So, in short – a growing economy will allow minimum wages (and all wages) to increase. Let’s be thankful that we have growth in Rotorua!

Then there is the environmental sustainability of a growing economy to consider – yet another imperative. That can be achieved as well, but that is another story and let’s leave something for another time.

 

 

19th December 2018

As the curtain falls on 2018, it is timely to look back at the year and review what we have achieved and where we might go in 2019.

In retrospect it has been quite a year!

Three new staff members began during the year, relieving some of the pressure on Jos and Phil. Linda took on the role of Regional Growth Advisor in June, Bryce became Interim CEO in July and Nikeey was employed as Membership Liaison Officer in October.

The new board took office in July with a fresh perspective of the best way forward for the organisation. Some of the results of this new positioning are now coming through. They include strengthening the business leadership and advocacy role, focussing on and fostering the true drivers of growth in the Rotorua economy, working in the void between business and sustainability and helping fill this knowledge gap to the betterment of both ideals.

In 2019 we are adopting a name change – we will be the Rotorua Business Chamber which reflects our positioning more accurately than the old Chamber of Commerce name.

2019 will see a lot more developments in this space.

In October the annual Westpac Rotorua Business Excellence Awards were run before a near record attendance of over 630 . Record attendance was matched by record equalling entries (47 in all) and a fantastic evening was enjoyed by all. We repositioned the categories this year to better reflect the multi-cultural and primary sector driven nature of our unique Rotorua economy and that was positively reflected in the entry and attendance on the night.

Meanwhile the Rotorua economy has been humming along at levels often ahead of national and Bay of Plenty averages, something we have not experienced for decades in this city. Tourism is enjoying a big upswing and most of the other primary drivers have been steady to strong.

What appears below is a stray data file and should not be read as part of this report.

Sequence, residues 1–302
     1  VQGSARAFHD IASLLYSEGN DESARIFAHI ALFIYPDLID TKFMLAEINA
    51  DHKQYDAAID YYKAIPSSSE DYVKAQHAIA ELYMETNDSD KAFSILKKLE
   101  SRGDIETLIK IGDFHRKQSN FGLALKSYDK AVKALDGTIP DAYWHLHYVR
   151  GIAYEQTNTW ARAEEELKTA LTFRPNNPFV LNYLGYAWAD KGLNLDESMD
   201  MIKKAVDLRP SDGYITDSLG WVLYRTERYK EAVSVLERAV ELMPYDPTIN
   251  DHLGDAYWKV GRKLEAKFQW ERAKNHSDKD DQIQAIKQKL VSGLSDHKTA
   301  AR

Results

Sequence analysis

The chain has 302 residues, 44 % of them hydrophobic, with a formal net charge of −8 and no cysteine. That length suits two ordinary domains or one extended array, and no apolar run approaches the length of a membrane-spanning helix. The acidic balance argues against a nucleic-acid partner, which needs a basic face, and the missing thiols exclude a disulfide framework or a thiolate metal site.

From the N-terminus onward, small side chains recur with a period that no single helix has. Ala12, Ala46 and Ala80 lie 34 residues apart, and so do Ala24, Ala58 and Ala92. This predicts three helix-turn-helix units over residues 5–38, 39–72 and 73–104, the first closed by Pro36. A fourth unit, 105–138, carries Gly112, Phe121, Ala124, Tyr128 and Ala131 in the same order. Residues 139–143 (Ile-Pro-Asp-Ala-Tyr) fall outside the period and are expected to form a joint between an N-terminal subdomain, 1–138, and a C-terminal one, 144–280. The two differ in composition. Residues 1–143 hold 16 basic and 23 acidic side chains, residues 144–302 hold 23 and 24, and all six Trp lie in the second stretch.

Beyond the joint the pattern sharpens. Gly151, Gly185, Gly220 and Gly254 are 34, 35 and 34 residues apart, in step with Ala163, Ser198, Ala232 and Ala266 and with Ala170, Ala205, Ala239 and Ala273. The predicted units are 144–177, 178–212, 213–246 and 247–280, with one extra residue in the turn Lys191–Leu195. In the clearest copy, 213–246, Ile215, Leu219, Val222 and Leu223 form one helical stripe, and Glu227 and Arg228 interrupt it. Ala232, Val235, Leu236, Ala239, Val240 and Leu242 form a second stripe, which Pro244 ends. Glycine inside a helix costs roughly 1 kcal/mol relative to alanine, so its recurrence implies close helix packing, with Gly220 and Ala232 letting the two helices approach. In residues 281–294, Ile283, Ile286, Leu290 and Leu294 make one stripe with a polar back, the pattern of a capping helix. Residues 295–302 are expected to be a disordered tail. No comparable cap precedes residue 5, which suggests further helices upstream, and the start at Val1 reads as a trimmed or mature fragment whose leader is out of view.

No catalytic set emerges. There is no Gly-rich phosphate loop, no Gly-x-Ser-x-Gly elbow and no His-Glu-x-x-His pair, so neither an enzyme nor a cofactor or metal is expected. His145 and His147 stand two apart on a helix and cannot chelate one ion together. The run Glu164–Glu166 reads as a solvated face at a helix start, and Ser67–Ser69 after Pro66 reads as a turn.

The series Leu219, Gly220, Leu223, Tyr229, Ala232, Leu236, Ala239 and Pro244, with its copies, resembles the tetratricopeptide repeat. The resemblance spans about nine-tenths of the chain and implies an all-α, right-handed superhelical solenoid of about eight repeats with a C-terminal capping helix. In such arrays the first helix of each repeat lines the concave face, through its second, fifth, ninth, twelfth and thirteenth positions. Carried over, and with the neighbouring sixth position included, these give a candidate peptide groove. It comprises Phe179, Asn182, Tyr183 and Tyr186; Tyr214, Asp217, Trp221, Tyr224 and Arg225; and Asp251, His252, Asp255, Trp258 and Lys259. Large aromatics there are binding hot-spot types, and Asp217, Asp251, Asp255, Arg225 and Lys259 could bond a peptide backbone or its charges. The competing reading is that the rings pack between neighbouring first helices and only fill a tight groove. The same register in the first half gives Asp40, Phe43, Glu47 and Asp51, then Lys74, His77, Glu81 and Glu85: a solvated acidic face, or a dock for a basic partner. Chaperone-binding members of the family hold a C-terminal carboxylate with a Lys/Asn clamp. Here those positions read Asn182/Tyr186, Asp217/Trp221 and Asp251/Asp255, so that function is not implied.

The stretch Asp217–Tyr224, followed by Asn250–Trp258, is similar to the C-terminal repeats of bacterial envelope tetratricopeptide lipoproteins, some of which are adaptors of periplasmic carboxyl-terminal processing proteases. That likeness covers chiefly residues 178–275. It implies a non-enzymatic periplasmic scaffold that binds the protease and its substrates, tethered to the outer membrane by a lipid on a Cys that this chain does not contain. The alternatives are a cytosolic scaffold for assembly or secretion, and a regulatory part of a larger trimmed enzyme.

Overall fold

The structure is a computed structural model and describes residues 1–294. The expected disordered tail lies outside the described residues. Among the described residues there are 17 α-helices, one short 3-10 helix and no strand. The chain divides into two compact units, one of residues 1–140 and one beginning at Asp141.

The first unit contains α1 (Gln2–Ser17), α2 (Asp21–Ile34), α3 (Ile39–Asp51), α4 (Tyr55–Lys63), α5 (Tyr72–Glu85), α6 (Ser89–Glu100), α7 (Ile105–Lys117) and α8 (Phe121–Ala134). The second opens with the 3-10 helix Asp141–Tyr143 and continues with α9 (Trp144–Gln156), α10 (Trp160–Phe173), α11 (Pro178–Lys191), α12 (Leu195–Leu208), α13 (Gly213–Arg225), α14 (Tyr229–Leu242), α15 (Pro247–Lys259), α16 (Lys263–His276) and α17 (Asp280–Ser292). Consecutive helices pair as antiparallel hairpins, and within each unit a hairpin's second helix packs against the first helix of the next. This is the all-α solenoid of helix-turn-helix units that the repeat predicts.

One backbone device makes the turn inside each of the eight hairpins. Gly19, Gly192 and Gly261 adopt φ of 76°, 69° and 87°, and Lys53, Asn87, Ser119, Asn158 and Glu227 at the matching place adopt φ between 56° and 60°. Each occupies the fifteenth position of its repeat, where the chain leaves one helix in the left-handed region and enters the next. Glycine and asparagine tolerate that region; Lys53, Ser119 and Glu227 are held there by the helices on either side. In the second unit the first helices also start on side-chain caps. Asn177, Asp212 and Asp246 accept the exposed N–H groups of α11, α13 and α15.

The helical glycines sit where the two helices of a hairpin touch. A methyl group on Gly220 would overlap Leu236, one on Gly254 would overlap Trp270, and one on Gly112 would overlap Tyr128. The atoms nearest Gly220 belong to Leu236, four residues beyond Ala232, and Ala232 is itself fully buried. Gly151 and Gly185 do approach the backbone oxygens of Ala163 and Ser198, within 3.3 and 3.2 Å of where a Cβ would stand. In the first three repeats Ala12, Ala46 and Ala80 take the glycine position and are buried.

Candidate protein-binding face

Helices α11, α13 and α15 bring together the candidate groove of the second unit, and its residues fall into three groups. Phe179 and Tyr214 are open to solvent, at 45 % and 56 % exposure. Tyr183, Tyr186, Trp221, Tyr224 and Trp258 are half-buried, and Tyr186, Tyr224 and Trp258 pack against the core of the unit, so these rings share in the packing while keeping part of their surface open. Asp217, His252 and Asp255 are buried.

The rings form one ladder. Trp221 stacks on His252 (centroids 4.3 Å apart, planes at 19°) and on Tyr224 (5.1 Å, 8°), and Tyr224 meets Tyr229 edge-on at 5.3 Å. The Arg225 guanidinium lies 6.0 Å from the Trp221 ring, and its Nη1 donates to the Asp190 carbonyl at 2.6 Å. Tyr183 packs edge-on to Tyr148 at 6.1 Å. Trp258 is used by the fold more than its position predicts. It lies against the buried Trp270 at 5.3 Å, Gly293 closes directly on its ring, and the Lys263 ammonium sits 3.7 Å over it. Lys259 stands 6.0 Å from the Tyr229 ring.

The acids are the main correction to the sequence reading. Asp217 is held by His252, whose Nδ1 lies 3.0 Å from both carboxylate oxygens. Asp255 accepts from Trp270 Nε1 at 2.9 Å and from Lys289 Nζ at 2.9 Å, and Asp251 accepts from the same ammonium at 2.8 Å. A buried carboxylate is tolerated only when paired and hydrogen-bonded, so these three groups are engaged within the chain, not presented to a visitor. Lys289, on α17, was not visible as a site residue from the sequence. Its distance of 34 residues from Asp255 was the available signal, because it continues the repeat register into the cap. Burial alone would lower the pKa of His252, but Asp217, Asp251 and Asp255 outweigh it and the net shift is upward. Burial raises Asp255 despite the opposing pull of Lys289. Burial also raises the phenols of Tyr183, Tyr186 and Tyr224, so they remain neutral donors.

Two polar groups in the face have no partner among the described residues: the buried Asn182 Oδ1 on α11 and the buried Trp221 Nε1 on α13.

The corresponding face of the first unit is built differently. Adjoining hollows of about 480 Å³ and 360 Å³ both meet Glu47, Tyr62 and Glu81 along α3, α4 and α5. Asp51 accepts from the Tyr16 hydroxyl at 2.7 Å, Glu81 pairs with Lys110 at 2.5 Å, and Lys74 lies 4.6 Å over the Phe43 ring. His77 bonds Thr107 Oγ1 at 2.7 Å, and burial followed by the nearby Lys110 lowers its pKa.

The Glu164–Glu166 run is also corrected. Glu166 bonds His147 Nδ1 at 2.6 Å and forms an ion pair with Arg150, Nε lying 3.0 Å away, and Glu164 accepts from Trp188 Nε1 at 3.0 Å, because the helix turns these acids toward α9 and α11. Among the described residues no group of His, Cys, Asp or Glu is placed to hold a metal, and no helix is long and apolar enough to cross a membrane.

The year has seen a string of announcements about new investment into and funding of, big developments that will keep Rotorua positioned as a leading provincial city and tourism attraction.

Many leading speakers have been hosted, most of these sponsored by Pukeroa Oruawhata.

Space for 2019 bookings is already filling rapidly, including Business Connection Breakfasts, BA5’s, Apps Seminars and Women in Business.

So, to all our sponsors, stakeholders, partners, old and new members and all who want to become members – a big “thank you” for your support during 2018 and a Merry Christmas and prosperous New Year - from your staff and the board of the Rotorua Business Chamber.

 

 

 

 

12th December, 2018

Rotorua economy ends the year on a strong note

We have much to be happy about with the local economy as the curtain falls on 2018, says Chamber Chief Executive, Bryce Heard. 
While the fourth quarter stats are not yet to hand, the September quarter illustrates just how far we have come in the past year.

Measure

Rotorua

BOP

New Zealand

GDP

+4.2%

+3.5%

+2.9%

Residential Consents

+8.6%

-19.0%

+5.4%

House Prices

+3.9%

+3.7%

+8.4%

Guest Nights

+5.3%

+1.9%

+2.7%

Retail Trade

+5.0%

+5.7%

+4.8%

Car Registrations

+11.0%

+2.7%

-1.7%

Tourism Expenditure

+6.1%

+5.8%

+8.2%

Unemployment

5.5%

4.8%

4.3%

All the above indicators are showing strong growth and in many cases a lot stronger than the whole of Bay of Plenty and/or New Zealand. “This scenario would have been inconceivable a few short years ago but has become the norm over the more recent past”, says Heard.

In fact, the only negative indicators are house sales (down 9.1%) and non-residential consents (down 11%), but these tend to be lumpy measures in any scenario.

Crystal ball gazing is always fraught with dangers of the unforeseen, as factors beyond our control, can have an impact on our local business. Things such as world commodity prices for farm and forest produce, currency fluctuations and others all have a bearing on us.

However, if we add in the recently announced $27 million of PGF funding to develop the lakefront and Whakarewarewa Forest and the plans under preparation for several other big projects, this trend looks set to continue into the foreseeable future.

I have heard it said that there are more urgent matters to attend such as the restoration of the Museum and the Howard Morrison Centre. This may well be true, but we do not have Central Government fronting up with tens of millions to help fix these and we must seize the opportunities for funding as they come. They seldom come in the order of priority that we may desire!

I have also heard it said that economic growth leads to increased greenhouse gas emissions. This is perhaps true - if we continue to rely on a petrochemical base economy. With our natural advantages including our forests and geothermal resources, Rotorua is well positioned to move away from petrochemicals to other forms of energy and material supply. It behoves us as business people to help by becoming leading-edge users of new technology and innovative business practices.

We can have the best of all worlds. It is up to us!